It was a dark day, weary with rain and shackled with grey clouds. I was enjoying my usual TV time, lost in the far-away world of medieval London rife with the supernatural. It was then that the actor on my laptop screen muttered a single terrifying dialogue that out-classed all the horror celluloid that I had indulged in over the years.
“No more let Life divide what Death can join together,” whispered a young and pale man with swirls of misty fear simmering in his slit-like eyes. The man was no other than the famous Dr. Frankenstein, in his early days as a medical prodigy, expressing the moral stigma of instilling life where it belonged not.
I realized then that true horror was not reliant on plastic special effects or unanticipated bursts of audio-visuals. True horror was the one which created the mirage of a morbid violation—a nearly philosophical task that required meddling with the fundamental fabric of the viewer’s mind.
Horror is a greatly misunderstood genre of TV and film. While most indulge in it to gain respite from the mundane monotony of everyday life, I believe true horror requires the touching upon man’s deepest emotional crevices. Whereas movies like Saw attempt to do this by displaying mindless debauchery that satisfies our pulsing need of violence, brilliant TV shows like Penny Dreadful achieve this by connecting with us on a deeper philosophical level.
Why is this? The notion of “life” has several stereotypes attached to it. Life normally equates with happiness, gratefulness, jolliness, and more of the likes. It also displays a tapestry of negative elements—the perils of poverty, loss of love, grief, and death. But seldom do we see the concept of life as a blasphemy—as the committing of a sin that forever decimates the fabric of humanity. John Logan, in Penny Dreadful, captures this theme with great clarity and direction in Frankenstein’s confrontation with his destructive creation. He uses it to raise the aforementioned questions on who has the authority to dispense life, and hereby connects with the audience on a deep sentimental level. He destroys these stereotypes usual associated with life, and hence manages to create what I believe to be “true horror”.
This is but one of the many threads of story that weave together the whole plot of Penny Dreadful. The central story revolves around a kidnapped daughter which a team of skilled, but unlikely, companions are attempting to find on the pay-roll of the affluent father. This core plot is peppered with abominating tales of a prostitute succumbing to tuberculosis, a mysterious young man driven by his carnal desires, and the anathematized Frankenstein who is ripped by the moral secretions of his life-dispensing studies. I will stop here, but there is much more enticed viewers witness.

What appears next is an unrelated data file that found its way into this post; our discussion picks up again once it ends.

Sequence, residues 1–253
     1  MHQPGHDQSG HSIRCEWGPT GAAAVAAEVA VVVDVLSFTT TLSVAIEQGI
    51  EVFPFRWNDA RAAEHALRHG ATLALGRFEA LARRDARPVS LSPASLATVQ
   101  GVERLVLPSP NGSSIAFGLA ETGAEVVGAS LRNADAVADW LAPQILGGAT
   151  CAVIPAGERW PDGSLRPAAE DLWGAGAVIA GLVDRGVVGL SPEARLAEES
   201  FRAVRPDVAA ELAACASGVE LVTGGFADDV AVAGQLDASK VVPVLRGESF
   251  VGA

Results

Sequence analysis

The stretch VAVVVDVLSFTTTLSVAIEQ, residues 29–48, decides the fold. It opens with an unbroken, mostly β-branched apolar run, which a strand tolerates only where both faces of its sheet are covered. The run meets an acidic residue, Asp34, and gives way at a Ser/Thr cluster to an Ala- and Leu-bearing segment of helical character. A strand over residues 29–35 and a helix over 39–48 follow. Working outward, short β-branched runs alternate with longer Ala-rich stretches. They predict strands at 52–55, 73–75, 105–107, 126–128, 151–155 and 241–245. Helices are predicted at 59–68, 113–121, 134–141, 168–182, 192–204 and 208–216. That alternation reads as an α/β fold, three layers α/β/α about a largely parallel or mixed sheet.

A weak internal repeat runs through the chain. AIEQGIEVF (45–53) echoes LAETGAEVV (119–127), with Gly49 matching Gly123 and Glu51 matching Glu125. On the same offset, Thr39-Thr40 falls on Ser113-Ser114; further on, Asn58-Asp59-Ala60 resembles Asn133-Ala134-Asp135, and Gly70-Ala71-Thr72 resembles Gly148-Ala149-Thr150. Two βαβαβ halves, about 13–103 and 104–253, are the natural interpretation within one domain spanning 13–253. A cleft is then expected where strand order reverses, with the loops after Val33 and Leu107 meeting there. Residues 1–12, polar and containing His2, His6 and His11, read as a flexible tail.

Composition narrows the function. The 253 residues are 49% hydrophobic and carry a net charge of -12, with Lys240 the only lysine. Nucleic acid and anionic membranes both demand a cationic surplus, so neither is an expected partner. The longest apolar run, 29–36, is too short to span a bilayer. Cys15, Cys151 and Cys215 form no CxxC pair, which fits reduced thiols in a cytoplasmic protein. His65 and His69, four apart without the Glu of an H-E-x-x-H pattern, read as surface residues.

Another great piece of fiction has achieved this sublime horror characteristic, The Walking Dead. In the latest season, we see Rick Grimes, the much beloved protagonist, bite of a man’s neck with his mouth and then continue to dismember him with his teeth. This scene is perhaps the most gruesome to have aired this year and it leaves a scarring emotional wound on the audience. The protagonist was viewed as the triumph of humanity in a world where survival instincts have annihilated fundamental humanist traits. His vividly portrayed descent into savagery, however, instills great horror in the audience not just because of the grotesque visuals, but because the viewer has now come to believe that there is no hope for humanity, though there is hope for humans to survive. The show achieves its aim of portraying nature in its fundamental form—not the beautiful mother we often like to see her as, but instead as that of a monster.
With the golden-age of television upon us, expect to see more such renditions of true horror. Horror which not only challenges your ability to watch blood-curdling anatomies, but horror which connects to your mind and gives you a scare from within.
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